You might remember this book I wrote called All Flames Cast. It was a while ago, I know. There really hasn’t been any news to report, beyond the typical querying process—a couple of full requests that turned into rejections, one partial request, and a whole bunch more outright “no”s—and so much of what has happened in the last 18 months has been in the revision realm.
Now, revisions have gone well. Of the 15 chapters I have posted here, only one hasn’t had any changes to it. The good news is that the book is a heck of a lot better, now.Continue reading
Writing is a strange venture for a variety of reasons. It has demands, both physical and mental, that don’t align with a lot of other professions or hobbies. But one of the most peculiar things about writing, I’ve found, is one of the most common attitudes among writers. This is something that has popped up its ugly head a few times, recently, so it’s been on my mind.
Writers, as I’ve seen many times in many different forums or environments over my brief decade as an active writer, tend to be competitive. Now, being competitive isn’t necessarily a bad thing, nor is it unique to writing. I myself am extremely competitive, both from my years as the youngest of six children and from playing hockey at a reasonably high level for two decades. When nurtured, competitiveness can be a big help in getting a step forward in life.Continue reading
The wind was soft but cold, so high along the rampart of the citadel. It whispered the night’s embrace, pulling gently at the lapels of Gemmen’s coat. The skin on his close-shaven scalp prickled with goosebumps. It was cold, yes, but the winter twilight was far preferable to the stifling heat and conversation in the feast hall.
Torches burned, spaced every hundred feet along the walk. Gemmen could see guards posted, silhouetted against the lights as they leaned against the white stone or squatted for a brief escape from the breeze. He ignored them as he moved by, just as they ignored him.
The first flakes of snow began to flutter down as he walked. The night was not still, but it was silent; the wind stirred and the snow traced lines down to melt on the wall, but even the guards quieted themselves. There was a feeling of abeyance in the air, a muted pressure.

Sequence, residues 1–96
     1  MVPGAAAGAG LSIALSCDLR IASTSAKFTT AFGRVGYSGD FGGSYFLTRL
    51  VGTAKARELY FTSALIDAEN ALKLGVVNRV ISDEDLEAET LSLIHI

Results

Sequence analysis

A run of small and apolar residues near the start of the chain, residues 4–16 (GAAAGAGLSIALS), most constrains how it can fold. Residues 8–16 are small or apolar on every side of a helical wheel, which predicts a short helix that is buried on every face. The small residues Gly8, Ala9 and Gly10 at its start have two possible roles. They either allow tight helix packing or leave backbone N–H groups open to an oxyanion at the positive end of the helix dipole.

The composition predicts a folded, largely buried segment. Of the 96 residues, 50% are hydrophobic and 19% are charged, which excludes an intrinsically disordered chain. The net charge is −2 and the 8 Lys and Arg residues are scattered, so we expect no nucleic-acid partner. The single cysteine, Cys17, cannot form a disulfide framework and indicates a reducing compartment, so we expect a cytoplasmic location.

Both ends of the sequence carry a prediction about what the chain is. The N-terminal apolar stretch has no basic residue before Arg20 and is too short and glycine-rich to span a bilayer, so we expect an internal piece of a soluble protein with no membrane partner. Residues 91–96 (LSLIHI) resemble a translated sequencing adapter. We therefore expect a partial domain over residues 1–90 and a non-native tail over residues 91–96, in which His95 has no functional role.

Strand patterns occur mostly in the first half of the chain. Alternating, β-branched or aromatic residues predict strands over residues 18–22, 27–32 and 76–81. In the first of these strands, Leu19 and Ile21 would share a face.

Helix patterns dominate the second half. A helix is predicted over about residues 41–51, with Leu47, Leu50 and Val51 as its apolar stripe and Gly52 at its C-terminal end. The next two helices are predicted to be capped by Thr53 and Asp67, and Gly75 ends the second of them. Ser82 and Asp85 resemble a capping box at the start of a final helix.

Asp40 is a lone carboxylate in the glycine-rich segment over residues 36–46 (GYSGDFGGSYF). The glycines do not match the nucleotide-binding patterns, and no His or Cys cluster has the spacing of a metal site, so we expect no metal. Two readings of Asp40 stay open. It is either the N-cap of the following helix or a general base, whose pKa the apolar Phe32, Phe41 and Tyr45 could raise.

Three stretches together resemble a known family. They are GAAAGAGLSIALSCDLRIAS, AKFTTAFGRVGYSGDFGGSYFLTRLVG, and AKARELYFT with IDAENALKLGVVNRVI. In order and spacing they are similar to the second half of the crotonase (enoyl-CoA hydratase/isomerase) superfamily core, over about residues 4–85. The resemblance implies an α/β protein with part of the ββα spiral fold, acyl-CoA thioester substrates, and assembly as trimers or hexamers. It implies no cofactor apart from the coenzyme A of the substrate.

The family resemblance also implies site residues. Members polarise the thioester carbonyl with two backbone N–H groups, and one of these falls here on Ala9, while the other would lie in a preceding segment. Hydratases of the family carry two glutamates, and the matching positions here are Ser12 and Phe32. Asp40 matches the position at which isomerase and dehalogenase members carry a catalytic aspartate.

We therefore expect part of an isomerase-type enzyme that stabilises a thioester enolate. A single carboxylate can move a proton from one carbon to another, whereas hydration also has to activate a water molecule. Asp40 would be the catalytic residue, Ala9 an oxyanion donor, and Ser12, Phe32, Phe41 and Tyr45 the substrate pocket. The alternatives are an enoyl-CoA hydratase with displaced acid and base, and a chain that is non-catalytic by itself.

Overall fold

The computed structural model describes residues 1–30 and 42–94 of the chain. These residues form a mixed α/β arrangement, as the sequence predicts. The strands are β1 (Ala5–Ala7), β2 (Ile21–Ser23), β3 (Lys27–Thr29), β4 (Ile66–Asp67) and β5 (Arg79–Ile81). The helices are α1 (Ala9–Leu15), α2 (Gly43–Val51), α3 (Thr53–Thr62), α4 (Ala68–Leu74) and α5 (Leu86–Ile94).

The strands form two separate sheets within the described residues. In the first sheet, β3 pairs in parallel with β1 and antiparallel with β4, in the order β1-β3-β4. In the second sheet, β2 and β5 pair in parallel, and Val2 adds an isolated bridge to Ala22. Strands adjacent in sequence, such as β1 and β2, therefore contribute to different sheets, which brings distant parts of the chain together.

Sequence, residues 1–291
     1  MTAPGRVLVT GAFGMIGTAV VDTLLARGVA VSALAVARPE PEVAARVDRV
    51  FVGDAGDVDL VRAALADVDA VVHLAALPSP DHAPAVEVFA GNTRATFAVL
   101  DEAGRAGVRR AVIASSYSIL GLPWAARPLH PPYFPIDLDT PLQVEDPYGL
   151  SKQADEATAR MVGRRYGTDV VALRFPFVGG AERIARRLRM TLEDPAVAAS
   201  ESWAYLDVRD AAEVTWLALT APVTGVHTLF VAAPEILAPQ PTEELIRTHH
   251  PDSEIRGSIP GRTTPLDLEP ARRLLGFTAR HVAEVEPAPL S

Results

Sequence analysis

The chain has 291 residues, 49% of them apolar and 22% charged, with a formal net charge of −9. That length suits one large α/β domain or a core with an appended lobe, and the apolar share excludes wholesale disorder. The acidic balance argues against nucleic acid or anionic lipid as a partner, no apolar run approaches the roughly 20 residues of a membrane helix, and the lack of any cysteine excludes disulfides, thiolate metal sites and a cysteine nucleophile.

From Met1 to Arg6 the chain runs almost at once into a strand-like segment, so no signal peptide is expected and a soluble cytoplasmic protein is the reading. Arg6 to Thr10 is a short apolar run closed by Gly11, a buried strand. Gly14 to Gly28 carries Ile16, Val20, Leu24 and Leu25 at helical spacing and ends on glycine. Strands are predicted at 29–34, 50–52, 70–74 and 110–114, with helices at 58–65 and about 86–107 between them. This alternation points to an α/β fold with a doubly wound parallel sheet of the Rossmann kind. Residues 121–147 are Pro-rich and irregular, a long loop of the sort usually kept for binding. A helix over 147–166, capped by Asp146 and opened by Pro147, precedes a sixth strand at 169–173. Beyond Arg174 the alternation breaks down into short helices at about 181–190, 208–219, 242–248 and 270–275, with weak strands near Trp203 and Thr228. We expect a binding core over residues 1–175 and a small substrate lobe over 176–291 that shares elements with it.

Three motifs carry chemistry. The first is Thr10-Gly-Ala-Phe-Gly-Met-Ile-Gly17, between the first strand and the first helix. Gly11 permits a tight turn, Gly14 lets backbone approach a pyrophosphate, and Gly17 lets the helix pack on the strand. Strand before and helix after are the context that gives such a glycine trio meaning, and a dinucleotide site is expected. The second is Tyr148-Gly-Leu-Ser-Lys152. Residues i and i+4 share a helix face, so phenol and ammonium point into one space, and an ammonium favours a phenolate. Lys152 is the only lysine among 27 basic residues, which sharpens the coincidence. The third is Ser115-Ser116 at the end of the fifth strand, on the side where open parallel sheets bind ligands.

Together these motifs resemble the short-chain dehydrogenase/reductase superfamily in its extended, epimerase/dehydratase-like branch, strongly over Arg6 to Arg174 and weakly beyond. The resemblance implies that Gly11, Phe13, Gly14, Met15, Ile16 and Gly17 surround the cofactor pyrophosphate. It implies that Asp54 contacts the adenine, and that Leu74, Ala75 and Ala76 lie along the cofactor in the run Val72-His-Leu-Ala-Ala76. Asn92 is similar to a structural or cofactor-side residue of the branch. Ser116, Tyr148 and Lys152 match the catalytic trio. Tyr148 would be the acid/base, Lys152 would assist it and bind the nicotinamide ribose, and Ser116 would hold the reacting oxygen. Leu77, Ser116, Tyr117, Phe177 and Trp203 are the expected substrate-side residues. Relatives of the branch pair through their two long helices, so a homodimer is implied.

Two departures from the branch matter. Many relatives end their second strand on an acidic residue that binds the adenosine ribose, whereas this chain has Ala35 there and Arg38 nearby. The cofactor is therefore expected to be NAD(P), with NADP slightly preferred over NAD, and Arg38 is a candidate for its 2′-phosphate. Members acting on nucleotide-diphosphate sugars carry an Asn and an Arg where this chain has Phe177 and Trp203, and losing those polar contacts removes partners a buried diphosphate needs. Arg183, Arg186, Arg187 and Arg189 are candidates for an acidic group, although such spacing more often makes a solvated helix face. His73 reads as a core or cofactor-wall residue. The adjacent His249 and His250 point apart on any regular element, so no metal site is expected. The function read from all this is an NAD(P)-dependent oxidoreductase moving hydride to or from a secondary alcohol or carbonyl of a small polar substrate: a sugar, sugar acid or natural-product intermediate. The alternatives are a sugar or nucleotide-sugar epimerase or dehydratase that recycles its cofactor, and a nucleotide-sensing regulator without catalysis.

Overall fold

The Book of the Week is back! I know it’s been a couple weeks, and this has been harder to keep consistent than I thought it would. First, my computer decided to consistently freeze while I was on vacation—resulting in zero posts for over a week, and no writing done on Seeds of Sand, the way I’d planned—and then I came back to Colorado and started a new job almost immediately. It’s been a busy couple weeks.
After finishing the first draft of All Flames Cast, my mind has become increasingly bent on filling out the world and details of the next book(s) I’m going to tackle. I’ve found myself writing little character sketches, scenes, and short stories to help myself with building a new world for a new book. Over the course of this, I’ve gotten a clearer view of the differences between short stories and scenes, which is something I’ve found over the years to be a bit of a blurred line for many writers.
I went through a university degree in Creative Writing, as I know many, many other writers have, and as a result I kind of went through a crucible. There are a lot of pressures on an undergrad writing student—including the pressure to abandon genre fiction because of the flawed idea that it’s inherently inferior to lit fic—and one of those pressures is to learn how to write short stories.Continue reading